Published on March 13th, 2018 | by Steve Hanley0
Green Party In Australia Proposes Internal Combustion Ban After 2030
March 13th, 2018 by Steve Hanley
Australia seems to be of two minds when it comes to clean energy policies. On one hand, it is a signatory to the COP 21 Paris climate change protocols. On the other, it has done next to nothing to promote sales of electric cars and has little official interest in renewable energy, at least at the national level. Australia has fewer electric cars than most of its peers in the world community. At present, only 0.1% of the new cars sold in Australia are electric, most of them Teslas. Other electric cars available are the Renault Zoe, Nissan LEAF. BMW i3 and Hyundai Ioniq Electric, according to Electric Cars Australia.
Now the Green Party is calling for a ban on internal combustion powered cars beginning in 2030, along with economic incentives, according to The Guardian. That proposal is part of a package of measures, which include adding a 17% surcharge on the sale price of cars costing more than $65,000. Such vehicles are already saddled with a 33% tax levy, which is one reason why most of the cars on Australian streets are smaller and lighter than those normally seen in America.
Part of that 17% surcharge would be used to build an EV charging infrastructure for the country. Gail Broadbent, a researcher at New South Wales University, claims the lack of chargers today is one of the biggest factors keeping people from buying electric cars. “There is no incentive for vehicle manufacturers to bring them into the country so we just get fobbed off the old vehicles,” she tells Guardian Australia. Because Australia has no emissions standards for cars and light trucks at the moment, manufacturers are free to keep cranking out obsolete models and dumping them on Australian customers.
Other policy proposals by the Green Party would set a limit of 105 grams per kilometer for carbon emissions by 2022, three years sooner than a similar proposal by the national government, and a reduction in registration fees for electric vehicles. The emissions rules are similar to those in the European Union but less strict. The EU standard is now 90 grams/km. Predictably, any hint of emissions standards evokes howls of protest from the car makers and importers.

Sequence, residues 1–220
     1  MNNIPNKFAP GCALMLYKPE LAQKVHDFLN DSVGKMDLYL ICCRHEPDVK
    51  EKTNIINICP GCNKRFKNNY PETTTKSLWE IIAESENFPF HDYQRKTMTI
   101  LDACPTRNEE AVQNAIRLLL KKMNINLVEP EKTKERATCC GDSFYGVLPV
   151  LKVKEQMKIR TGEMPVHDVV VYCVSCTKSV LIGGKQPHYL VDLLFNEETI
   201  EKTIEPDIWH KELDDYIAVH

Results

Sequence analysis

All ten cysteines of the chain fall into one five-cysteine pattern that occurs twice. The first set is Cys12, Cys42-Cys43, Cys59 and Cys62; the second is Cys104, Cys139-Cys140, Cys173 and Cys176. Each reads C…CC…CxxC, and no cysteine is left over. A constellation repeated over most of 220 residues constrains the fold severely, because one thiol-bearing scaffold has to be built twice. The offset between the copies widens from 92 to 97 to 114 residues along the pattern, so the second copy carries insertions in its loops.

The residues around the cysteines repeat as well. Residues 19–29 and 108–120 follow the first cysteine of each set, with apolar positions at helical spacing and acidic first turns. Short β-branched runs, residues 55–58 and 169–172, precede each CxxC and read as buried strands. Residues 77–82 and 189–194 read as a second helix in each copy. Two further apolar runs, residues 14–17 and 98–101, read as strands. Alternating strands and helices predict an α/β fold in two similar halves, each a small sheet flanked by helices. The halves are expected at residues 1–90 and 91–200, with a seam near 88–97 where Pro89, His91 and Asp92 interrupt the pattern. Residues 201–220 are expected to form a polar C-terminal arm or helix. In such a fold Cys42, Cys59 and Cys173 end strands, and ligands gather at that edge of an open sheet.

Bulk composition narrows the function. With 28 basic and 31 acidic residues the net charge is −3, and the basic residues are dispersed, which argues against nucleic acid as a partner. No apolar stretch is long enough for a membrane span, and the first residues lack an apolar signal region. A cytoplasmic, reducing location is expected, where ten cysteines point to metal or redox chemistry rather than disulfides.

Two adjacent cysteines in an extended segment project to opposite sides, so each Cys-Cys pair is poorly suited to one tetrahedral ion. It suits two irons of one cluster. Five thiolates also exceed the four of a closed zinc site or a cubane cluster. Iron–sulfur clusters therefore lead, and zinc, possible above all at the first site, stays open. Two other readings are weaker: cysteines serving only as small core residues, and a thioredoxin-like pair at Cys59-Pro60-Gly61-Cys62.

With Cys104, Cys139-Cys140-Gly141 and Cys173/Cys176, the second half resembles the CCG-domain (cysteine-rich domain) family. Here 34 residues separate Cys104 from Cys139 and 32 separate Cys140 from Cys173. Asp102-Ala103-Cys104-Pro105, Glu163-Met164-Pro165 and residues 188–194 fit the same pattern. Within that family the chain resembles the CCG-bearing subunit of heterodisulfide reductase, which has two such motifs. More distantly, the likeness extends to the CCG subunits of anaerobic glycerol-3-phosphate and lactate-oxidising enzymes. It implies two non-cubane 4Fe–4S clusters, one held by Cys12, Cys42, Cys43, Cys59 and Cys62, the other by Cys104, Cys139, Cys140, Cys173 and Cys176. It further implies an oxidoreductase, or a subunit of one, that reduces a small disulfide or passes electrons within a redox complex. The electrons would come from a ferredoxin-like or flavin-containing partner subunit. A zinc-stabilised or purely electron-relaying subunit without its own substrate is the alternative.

The Australian car manufacturing industry has been devastated by long standing federal tax policies and competition from imports, especially Toyota. Recently, UK entrepreneur Sanjeev Gupta proposed taking over a shuttered Holden factory to manufacture electric cars. Holden is Australian for GM. That could mark a significant shift in the market for electric cars Down Under.
While the federal government dithers, Australian states have been charting their own course when it comes to bringing renewable power to their citizens. South Australia, home to the port city of Adelaide, has led the way. After Tesla installed the world’s largest grid scale storage battery (for the moment) in South Australia last year, that state is busy making plans with Tesla and sonnen to put rooftop solar systems on tens of thousands of homes and turning them into virtual power plants.
Australians in general are well aware of the awesome amount of solar energy available in their sun kissed country. Solar power and electric cars are two sides of the same coin. The electric car revolution will come to Australia eventually. The results of the upcoming by elections and how much support the Green Party receives from the voters will have a great deal to say about how soon that transition will begin in earnest.